Heroin Addiction in Older Adults on the Rise
April 19, 2015
By Keshia Clukey
At 56 years old, Dan Pirrone was using more than 20 bags of heroin a day.
His veins were black and he was estranged from much of his family, including his two children.
At an age when most baby boomers are planning for retirement, the Rotterdam native was blowing through his savings and taking any job he could to support his $3,000-a-month habit.
"It was a feeling of relief from the pain, of any kind of pain — emotional, physical, psychological," Pirrone said.
The growing heroin epidemic is seen as predominantly targeting suburban youth, but older people can fall prey as well.
Nationally, the number of deaths involving heroin for those age 45 to 64 has nearly quintupled from 516 in 2000 to 2,459 in 2013, according to the National Center for Health Statistics.
Due to the advances in medical technology, people are living longer and require medication as the body starts to deteriorate, said Nicole MacFarland, executive director of Senior Hope, a nonprofit outpatient clinic in Albany.
"What initially becomes a way of managing that pain can, over time, leads them to needing more of the painkiller," she said. "Their body develops a tolerance and, lo and behold, they wind up becoming very addicted."
When painkillers aren't enough, some turn to heroin.
The number of patients at Senior Hope whose main addiction was heroin jumped from six in 2012 to 11 in 2013, and then to 17 in 2014, a year when 155 patients were served. The clinic also saw an increase in addictions to other opiates such as OxyContin.
"A lot, it appears, have reached a point in their lives where they know if they don't turn it around at this point in time ... this might be their last chance," MacFarland said.
Older adults typically grew up with a stigma around mental illness and addiction, so getting them through the door can be challenging, MacFarland said. They also don't usually have the legal system pushing them into treatment as most young adults do, she said.
Older adults can still need pain medication for ailments, so weaning from an opiate addiction can be complicated, she said. In contrast to other treatment programs, Senior Hope clients may require certain accommodations for poor eyesight or mobility issues, for example.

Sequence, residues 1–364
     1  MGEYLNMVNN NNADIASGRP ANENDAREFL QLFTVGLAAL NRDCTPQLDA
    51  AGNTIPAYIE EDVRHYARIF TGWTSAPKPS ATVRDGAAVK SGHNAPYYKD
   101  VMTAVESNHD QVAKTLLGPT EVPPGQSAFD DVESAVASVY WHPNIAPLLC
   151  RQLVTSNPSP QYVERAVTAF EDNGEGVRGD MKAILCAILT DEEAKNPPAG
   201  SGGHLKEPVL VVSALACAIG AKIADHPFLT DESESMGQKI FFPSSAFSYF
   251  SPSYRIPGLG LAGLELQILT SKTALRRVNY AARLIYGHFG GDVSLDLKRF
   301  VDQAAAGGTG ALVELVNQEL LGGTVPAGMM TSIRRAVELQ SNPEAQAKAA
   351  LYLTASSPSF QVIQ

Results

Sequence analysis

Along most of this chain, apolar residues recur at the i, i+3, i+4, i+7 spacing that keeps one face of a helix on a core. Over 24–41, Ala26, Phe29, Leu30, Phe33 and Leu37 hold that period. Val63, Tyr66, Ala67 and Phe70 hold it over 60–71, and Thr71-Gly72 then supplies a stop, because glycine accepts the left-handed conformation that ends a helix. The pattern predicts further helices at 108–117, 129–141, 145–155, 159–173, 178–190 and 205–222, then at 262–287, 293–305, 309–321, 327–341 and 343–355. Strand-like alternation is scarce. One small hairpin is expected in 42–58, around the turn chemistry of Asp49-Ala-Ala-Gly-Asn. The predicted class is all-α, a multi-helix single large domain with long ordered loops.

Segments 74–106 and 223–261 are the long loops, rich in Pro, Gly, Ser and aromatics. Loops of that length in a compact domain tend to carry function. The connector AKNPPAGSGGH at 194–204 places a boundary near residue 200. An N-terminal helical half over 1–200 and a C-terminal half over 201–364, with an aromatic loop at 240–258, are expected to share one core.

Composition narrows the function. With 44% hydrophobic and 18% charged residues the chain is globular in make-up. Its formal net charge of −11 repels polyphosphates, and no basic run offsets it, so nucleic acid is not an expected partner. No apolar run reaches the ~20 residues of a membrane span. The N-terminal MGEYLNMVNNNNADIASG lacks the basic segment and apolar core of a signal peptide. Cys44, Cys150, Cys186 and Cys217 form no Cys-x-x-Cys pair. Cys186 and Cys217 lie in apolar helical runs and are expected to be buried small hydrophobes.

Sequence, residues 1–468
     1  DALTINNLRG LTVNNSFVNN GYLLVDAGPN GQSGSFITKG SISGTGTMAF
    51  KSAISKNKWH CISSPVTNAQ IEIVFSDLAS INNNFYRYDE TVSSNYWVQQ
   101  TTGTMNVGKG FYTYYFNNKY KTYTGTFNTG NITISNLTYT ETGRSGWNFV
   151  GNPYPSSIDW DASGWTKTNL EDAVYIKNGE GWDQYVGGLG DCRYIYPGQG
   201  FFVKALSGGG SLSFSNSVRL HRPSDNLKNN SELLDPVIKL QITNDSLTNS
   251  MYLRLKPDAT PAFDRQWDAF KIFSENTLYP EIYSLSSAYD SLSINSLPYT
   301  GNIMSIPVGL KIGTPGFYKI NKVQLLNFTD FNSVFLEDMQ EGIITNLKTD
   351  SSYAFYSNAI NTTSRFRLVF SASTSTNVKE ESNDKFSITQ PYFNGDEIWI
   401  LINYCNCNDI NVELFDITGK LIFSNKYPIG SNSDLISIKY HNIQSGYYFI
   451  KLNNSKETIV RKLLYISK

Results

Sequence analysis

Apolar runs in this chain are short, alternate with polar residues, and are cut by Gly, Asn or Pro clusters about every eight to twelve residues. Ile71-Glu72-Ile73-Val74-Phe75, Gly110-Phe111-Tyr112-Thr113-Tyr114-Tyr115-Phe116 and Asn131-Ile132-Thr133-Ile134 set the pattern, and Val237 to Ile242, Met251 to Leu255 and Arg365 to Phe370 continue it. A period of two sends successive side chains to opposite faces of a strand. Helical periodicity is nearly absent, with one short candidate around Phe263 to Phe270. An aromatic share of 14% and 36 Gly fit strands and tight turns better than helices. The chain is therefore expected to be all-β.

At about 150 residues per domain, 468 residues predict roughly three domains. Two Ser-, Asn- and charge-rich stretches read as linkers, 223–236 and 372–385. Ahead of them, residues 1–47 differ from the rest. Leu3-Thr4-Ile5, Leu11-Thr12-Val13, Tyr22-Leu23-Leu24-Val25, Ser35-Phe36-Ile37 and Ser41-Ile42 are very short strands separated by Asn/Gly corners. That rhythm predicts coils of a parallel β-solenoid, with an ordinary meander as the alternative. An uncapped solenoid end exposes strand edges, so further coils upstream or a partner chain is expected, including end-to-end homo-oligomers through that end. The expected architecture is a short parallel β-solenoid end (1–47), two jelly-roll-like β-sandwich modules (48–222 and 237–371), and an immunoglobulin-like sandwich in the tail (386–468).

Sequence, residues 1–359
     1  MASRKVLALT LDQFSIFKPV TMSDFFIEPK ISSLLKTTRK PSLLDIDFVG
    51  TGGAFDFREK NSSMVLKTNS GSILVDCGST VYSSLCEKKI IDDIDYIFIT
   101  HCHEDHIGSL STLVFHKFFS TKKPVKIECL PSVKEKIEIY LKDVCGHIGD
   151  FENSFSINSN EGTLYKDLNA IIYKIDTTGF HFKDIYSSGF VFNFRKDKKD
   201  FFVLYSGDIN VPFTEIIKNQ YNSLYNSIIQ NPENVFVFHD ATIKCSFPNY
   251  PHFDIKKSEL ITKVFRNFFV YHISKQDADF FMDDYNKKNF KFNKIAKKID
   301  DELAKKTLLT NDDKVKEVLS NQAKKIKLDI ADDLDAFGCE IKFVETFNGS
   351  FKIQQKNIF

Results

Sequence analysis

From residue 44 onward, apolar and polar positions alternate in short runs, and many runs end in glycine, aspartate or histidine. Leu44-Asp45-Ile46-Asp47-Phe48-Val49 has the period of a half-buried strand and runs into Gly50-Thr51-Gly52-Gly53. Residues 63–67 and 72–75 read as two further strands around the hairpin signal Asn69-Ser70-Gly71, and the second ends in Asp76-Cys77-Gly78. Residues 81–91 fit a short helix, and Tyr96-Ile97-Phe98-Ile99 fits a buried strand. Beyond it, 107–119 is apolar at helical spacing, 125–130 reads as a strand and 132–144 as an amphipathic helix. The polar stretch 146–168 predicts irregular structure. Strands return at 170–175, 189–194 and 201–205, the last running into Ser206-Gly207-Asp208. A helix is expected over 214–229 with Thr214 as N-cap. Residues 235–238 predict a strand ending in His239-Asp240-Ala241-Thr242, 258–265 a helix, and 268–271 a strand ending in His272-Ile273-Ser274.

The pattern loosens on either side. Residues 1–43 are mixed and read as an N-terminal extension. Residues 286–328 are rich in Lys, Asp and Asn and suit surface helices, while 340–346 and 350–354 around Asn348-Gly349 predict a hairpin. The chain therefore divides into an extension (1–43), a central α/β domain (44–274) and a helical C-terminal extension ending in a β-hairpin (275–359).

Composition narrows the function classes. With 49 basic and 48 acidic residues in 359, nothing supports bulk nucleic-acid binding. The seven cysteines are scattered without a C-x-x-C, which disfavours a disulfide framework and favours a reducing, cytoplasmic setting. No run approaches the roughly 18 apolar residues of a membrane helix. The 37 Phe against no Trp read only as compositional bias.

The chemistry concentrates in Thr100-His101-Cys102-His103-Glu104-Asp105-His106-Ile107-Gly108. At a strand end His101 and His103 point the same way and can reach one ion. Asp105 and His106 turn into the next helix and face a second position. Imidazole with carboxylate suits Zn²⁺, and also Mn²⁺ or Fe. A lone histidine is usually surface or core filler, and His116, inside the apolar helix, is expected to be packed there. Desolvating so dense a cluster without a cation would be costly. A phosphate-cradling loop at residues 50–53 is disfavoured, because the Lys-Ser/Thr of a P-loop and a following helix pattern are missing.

They also can have health problems stemming from their longtime addiction to drugs or alcohol, for example, having contracted HIV or hepatitis C through needle use.
Pirrone, now 58, has been clean for one year, one month and six days, and still can't figure out why he's still alive.
"I'm lucky I'm not dead or in prison," the Niskayuna resident said.
Pirrone began smoking marijuana and experimenting with hallucinogens in ninth grade to cover the pain of childhood trauma, he said. By age 17, he had dropped out of school and hitchhiked to Florida. He later moved to California where, for the next 20 years, his addiction progressed to cocaine, opioids and eventually heroin.
He hid from his family and didn't help raise his son or daughter.
"Basically, what you do is run away from yourself. You're an empty shell," Pirrone said.
He moved back to New York state in 1998. In 2008, after a critical methadone overdose landed him in the hospital for nine days, he decided it was time to change.
He joined Senior Hope, counseling and support groups. He stayed clean for four years, got a job, paid off tax debt and child support. He had extra income from selling hydrocodone, prescribed to him after an accident while he lived in California.
In 2012, Pirrone's primary care doctor retired, and his new physician required testing to ensure he was actually taking the prescribed pain medication.
Pirrone once again started using the hydrocodone and it didn't take long to get back to his old go-to, heroin.
"These drug dealers from downstate would say, 'Make sure you take care of the old man,' because I used to buy so much," Pirrone said. "They considered me the old man."
He overdosed, but kept using. In March 2013, he was arrested and charged with felony possession of crack cocaine and heroin. Choosing between jail and treatment, Pirrone went back to Senior Hope.
Having others his age in treatment at Senior Hope gave Pirrone a network of support with like-minded people, he said.
Along with his counseling sessions, he also is part of step programs and has sponsors who help him from straying.
Pirrone is reconnecting with his family and children, and holds down several jobs.
"I feel like I'm headed in the right direction," he said,
Still, addiction is a daily battle, and he regrets not getting help sooner.
"If I were to get this when I was younger, I'd be much better off. I'd have my kids in my life, I would have a chance," he said. "That's all there is is jails, institutions and death when you use. It's a no win, dead-end situatiion."
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